The Joplin Globe, Joplin, MO

Business

July 5, 2012

ECB cuts key rate to new low to help economy

FRANKFURT, Germany — The European Central Bank cut its key interest rate by a quarter percentage point Thursday to a record low 0.75 percent to try to help ease Europe’s financial crisis and boost its flagging economy. The action, which was widely expected, is meant to make it cheaper for businesses and consumers to take loans.

In a more surprising move, the ECB also cut to zero the interest rate it pays banks on overnight deposits by a quarter percentage point. This pushes banks to lend the money, rather than sock it away with the ECB.

Stock markets initially rose after the news, but the gains quickly faded. Germany’s DAX stock index was up 0.4 percent while the Dow futures index was flat. The euro was down 1.1 percent at $1.2380.

Economists say the interest rate cuts might have only limited impact because rates were already low and banks remain wary of lending to each other, while businesses often see no reason to borrow in a slack economy.

“Today’s ECB interest rate cut does little to alter the bleak economic outlook,” said Jennifer McKeown, analyst at Capital Economics.

In an effort to ease the continent’s financial crisis, European leaders last week agreed to make it easier for troubled countries and banks to receive rescue loans and they signaled a greater willingness to use emergency funds to purchase government bonds. They also agreed to create a single Europe-wide banking regulator.

Collectively, the moves sent a message to financial markets that leaders from the 17 countries that use the euro could work together to fix their problems. They also helped lower the high borrowing costs for financially stressed countries such as Italy and Spain, the euro region’s third- and fourth-largest economies.

Lending activity in the eurozone has remained weak because businesses are not asking for credit because of the slow economy and out of fear that the eurozone may suffer a further financial calamity. Concerns remain that bankrupt Greece could eventually leave the euro, causing more turmoil, or that Spain and Italy could need bailouts that would strain the resources of donor countries.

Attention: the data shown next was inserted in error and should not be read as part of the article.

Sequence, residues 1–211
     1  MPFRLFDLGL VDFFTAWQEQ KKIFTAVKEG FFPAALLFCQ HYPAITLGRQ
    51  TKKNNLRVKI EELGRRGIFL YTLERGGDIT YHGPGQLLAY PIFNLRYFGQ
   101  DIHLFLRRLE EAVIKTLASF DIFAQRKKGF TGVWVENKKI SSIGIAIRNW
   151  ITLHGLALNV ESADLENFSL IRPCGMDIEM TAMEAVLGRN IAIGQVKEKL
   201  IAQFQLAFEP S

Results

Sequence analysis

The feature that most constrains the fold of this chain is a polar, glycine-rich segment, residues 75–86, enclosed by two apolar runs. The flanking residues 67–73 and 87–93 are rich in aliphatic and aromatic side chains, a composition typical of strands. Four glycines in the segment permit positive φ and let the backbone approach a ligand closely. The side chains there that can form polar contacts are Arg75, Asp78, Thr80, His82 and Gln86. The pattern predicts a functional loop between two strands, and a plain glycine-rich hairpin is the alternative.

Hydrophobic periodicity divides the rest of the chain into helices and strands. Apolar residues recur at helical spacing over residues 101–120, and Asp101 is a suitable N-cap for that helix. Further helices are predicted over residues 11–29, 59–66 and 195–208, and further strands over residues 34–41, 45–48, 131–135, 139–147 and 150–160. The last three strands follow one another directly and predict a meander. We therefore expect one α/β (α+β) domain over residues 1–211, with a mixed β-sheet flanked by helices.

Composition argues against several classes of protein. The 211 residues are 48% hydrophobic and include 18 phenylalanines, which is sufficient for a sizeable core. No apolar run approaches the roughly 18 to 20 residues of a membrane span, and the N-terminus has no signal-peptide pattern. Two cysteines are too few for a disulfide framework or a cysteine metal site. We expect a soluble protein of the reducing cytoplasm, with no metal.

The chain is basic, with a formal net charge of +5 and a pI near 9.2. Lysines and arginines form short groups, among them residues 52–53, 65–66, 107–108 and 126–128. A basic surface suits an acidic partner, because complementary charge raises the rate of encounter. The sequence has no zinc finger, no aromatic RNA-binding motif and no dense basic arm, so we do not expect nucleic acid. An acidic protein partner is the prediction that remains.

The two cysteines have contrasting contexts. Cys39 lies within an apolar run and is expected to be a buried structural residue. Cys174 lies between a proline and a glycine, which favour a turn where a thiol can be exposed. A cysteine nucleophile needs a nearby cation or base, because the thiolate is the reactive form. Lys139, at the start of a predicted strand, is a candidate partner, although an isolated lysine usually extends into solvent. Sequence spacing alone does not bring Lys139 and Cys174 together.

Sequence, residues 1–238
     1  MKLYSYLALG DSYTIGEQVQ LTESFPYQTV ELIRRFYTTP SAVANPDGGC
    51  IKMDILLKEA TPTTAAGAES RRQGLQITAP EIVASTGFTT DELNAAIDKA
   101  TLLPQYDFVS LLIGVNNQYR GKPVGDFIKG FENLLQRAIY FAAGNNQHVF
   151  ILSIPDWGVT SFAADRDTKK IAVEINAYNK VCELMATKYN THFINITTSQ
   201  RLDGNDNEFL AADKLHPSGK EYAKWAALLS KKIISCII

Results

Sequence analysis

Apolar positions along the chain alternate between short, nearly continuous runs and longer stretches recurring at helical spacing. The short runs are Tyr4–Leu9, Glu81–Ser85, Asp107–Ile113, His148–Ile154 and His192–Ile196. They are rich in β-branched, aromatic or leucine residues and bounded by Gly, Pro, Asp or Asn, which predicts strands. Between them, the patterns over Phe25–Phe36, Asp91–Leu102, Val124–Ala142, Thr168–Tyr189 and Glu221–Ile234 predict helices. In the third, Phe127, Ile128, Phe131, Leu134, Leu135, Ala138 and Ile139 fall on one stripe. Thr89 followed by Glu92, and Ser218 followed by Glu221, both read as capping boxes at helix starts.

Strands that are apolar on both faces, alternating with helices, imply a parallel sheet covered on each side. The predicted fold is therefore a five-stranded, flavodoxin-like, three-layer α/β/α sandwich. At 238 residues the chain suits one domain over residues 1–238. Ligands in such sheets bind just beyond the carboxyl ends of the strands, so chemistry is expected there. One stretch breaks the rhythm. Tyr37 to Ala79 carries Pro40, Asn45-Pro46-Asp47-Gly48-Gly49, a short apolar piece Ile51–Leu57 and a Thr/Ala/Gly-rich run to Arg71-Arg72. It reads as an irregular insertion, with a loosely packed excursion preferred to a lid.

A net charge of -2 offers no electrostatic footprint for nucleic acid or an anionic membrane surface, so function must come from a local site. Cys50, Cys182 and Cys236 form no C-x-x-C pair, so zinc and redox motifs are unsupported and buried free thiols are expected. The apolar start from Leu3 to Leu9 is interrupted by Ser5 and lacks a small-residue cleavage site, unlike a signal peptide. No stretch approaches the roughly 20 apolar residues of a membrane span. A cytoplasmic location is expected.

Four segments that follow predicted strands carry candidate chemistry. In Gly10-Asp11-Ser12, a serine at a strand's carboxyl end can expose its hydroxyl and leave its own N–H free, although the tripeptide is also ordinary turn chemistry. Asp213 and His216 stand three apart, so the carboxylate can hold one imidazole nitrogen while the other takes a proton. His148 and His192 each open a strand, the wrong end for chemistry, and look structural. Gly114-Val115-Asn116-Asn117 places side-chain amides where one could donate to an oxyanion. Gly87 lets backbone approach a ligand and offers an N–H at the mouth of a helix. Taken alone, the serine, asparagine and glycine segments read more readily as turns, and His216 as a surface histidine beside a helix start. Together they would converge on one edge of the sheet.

The ECB move was accompanied earlier in the day by monetary stimulus in China and the U.K.

The Bank of England decided to purchase another 50 billion pounds in government bonds from banks, increase the money supply in the UK economy. The hope is the banks will use the extra cash to lend to businesses and households.

China’s central bank, meanwhile, cut interest rates for the second time in a month to shore up its economy, the second-largest in the world. Interest on a one-year loan was reduced by 0.31 percentage points to 6 percent effective Friday. Chinese authorities have rolled out a series of stimulus measures since March after economic growth slowed to a nearly three-year low of 8.1 percent in the first quarter.

In the U.S., weak economic indicators have raised speculation that the U.S. Federal Reserve may also have to do more to keep the U.S. economy growing. Some think the Fed might carry out a third round of bond purchases aimed at increasing the supply of money in the economy — so-called quantitative easing.

The Fed took more limited action at its meeting ending June 17, extending its so-called Operation Twist effort in which it sells short-term bonds and buys longer-dated issues to push down long term interest rates. The Fed meets next Aug. 1.

The economy in the 17 countries that use the euro is expected to shrink by a relatively mild 0.3 percent according to EU predictions. But recent data indicate the downturn could be worse. Business sentiment is dropping even in Germany, Europe’s biggest and strongest economy.

A bigger drop in eurozone output would make it harder for indebted countries to pay off maturing debt and convince bond investors to keep lending them money. Debts get larger compared to the size of the economy as output shrinks, while growth reduces the relative size of debt and increases tax revenues governments can use to meet their obligation.

The 2  1/2 year old eurozone crisis has seen Greece, Ireland and Portugal need bailouts from the other eurozone countries and the International Monetary Fund to keep paying their debts and covering ther budget deficits. Spain has asked for as much as (euro) 100 billion in rescue loans for its banks.

Markets rebounded after last week’s summit where European leaders took several steps to strengthen the shared euro currency and solve their crisis over too much government debt in some countries.

They made it easier for indebted countries to get bailout loans and eased the way for Europe’s bailout fund to buy their bonds in the open market, which is one way of lowering borrowing costs. They also agreed to work on creating a common banking regulator that would take the financial risk of bank bailouts off governments.

 

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